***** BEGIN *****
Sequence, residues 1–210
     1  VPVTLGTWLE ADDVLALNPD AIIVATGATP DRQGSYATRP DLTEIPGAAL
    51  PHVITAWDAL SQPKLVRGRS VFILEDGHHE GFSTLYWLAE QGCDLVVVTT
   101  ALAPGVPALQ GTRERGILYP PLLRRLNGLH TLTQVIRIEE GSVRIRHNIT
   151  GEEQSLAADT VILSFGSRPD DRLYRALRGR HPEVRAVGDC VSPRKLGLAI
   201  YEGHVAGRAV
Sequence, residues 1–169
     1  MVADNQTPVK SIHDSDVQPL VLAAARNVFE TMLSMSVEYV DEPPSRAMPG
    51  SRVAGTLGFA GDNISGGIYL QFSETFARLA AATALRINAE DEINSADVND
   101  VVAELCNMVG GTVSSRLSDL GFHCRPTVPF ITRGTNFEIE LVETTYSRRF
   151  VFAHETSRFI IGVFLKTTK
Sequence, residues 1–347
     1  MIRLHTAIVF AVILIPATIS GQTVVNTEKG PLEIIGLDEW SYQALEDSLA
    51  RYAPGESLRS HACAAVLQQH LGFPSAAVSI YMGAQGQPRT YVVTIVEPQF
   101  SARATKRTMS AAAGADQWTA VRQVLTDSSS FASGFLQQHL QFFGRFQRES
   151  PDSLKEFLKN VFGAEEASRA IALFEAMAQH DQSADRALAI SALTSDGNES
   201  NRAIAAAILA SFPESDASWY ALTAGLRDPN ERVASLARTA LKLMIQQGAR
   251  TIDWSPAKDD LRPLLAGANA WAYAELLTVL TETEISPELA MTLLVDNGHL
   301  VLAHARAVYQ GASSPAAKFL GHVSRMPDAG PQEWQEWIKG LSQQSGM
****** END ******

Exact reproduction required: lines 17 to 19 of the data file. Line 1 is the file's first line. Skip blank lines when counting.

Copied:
   201  NRAIAAAILA SFPESDASWY ALTAGLRDPN ERVASLARTA LKLMIQQGAR
   251  TIDWSPAKDD LRPLLAGANA WAYAELLTVL TETEISPELA MTLLVDNGHL
   301  VLAHARAVYQ GASSPAAKFL GHVSRMPDAG PQEWQEWIKG LSQQSGM